Imperial Irrigation inks new Hoover Dam hydro contract

Imperial Irrigation District (IID) will be delivering an additional 3 MW of carbon-free electricity to its customers over the course of the next 50 years, thanks to an agreement to secure additional energy from Hoover Dam, IID said in October.

During its regular meeting Oct. 4, the IID Board of Directors approved the Boulder Canyon Project Implementation Agreement and electric services contract that will provide the Imperial Irrigation District with an additional 3 MW of renewable energy from the famous dam, bringing the reallocation total up to 10 MW.

Under the Hoover Power Allocation Act of 2011, 11.5 MW of energy were allocated to California entities. The IID competed for the power with 33 Native American tribes and 74 non-tribal entities, IID noted.

“This is an example of how IID is working to diversify its energy portfolio while, at the same time, investing in low cost energy resources,” said IID Board President Norma Sierra Galindo. “It serves as an important reminder of the true nexus between water and power.”

IID will receive the energy at Blythe, paying an all-in rate of between $27/MWh-to-$29/MWh, as compared to IID’s all-in average which ranges between $50 to-$75/MWh. Delivery will begin Oct. 1, 2017.

IID staff procured transmission service across the Western Area Power Administration in five-year increments, affording the district roll-over rights.

Historically, IID receives additional hydroelectric generation from the Parker Davis system. The amount of generation received varies by season, between 8 MW and 26 MW, IID said in a news release..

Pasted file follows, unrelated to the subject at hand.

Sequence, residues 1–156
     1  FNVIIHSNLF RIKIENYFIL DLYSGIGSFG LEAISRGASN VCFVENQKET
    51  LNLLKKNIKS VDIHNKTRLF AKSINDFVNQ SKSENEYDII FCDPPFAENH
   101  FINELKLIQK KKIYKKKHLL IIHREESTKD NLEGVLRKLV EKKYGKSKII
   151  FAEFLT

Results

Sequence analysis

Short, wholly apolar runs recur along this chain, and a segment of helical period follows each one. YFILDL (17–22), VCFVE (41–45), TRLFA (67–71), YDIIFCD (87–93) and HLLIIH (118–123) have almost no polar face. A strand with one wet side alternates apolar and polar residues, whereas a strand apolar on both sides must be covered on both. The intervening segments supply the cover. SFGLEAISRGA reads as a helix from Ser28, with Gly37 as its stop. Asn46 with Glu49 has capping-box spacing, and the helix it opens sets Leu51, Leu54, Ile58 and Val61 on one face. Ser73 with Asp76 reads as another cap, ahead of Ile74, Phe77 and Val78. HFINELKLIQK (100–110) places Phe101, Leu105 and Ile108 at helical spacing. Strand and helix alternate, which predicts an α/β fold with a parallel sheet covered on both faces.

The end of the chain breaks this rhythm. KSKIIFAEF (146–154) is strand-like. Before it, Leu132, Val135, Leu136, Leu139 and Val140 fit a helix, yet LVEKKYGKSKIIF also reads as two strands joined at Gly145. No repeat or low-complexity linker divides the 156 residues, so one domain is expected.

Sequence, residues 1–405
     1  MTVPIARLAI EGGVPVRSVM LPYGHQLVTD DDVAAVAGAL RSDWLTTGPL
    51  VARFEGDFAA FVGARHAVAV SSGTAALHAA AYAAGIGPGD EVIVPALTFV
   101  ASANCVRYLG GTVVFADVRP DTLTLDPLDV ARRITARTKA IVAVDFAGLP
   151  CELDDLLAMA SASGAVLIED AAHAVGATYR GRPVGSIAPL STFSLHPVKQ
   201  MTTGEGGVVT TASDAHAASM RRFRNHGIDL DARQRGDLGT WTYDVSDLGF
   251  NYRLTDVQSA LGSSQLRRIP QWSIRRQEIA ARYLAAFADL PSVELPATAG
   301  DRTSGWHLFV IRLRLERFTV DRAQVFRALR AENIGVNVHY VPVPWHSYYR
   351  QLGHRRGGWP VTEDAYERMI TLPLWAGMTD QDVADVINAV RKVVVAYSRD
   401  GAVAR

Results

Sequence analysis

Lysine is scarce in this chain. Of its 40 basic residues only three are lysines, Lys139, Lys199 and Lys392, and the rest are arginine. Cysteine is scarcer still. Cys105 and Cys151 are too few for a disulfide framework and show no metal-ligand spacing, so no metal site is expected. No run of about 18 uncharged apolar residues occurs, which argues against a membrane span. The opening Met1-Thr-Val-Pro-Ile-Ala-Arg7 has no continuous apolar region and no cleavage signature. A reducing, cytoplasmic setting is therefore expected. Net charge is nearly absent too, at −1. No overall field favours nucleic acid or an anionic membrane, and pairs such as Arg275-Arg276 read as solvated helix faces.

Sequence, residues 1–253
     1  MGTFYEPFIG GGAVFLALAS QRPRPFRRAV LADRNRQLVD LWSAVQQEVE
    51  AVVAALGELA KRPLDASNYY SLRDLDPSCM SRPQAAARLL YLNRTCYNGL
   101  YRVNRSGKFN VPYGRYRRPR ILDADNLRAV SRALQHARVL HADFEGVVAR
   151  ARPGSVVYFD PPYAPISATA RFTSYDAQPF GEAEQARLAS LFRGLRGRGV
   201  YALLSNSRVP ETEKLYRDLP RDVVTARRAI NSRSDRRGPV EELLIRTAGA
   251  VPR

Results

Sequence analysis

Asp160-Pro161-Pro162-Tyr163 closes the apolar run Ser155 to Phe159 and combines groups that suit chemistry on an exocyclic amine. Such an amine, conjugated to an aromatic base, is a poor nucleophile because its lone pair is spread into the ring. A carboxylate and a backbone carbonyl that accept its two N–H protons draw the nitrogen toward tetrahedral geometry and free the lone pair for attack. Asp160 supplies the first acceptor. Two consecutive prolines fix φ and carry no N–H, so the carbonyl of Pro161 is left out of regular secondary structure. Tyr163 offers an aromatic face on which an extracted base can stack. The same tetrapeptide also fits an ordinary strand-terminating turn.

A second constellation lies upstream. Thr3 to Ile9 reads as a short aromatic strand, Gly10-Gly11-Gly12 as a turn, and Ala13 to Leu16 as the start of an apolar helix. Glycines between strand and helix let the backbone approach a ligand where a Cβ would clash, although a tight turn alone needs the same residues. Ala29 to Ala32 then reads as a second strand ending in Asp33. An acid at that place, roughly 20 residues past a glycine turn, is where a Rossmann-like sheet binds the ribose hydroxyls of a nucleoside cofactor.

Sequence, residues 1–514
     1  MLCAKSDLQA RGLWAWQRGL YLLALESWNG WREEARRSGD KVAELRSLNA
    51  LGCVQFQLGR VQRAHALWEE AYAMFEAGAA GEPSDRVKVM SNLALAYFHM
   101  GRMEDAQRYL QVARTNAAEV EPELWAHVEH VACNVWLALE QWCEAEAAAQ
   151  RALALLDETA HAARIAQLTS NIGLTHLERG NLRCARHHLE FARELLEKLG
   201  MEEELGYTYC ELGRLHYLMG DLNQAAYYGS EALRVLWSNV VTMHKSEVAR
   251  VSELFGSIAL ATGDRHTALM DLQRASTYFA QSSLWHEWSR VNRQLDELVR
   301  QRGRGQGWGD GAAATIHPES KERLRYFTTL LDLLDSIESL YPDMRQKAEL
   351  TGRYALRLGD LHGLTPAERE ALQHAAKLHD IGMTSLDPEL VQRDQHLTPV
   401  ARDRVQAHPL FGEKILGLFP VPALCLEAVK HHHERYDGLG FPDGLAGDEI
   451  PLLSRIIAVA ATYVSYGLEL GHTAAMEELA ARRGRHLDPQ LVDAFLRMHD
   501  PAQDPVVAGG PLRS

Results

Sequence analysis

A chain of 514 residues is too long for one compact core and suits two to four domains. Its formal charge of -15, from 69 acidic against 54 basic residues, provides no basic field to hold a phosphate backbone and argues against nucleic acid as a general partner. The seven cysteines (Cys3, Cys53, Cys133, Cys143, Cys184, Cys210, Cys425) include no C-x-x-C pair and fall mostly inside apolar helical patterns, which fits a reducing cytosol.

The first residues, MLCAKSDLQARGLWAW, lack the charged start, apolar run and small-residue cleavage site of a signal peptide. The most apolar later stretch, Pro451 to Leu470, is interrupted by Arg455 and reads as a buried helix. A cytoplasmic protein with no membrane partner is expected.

Owned by the federal Bureau of Reclamation, Hoover Dam was completed in 1935. Legislation enacted in 1928, which called for the construction of the dam, included hydroelectric power contracts to help fund the cost of the dam.

The dam, once known as Boulder Dam, is located on the border of Nevada and Arizona. It provides energy to a number of utilities in the West. Initial power contracts took effect in 1937 and were for duration of 50 years. Prior to their 1987 expiration, Congress approved 30-year renewals; current contracts expire September 2017.

About Wayne Barber 4201 Articles
Wayne Barber, Chief Analyst for the GenerationHub, has been covering power generation, energy and natural resources issues at national publications for more than 20 years. Prior to joining PennWell he was editor of Generation Markets Week at SNL Financial for nine years. He has also worked as a business journalist at both McGraw-Hill and Financial Times Energy. Wayne also worked as a newspaper reporter for several years. During his career has visited nuclear reactors and coal mines as well as coal and natural gas power plants. Wayne can be reached at wayneb@pennwell.com.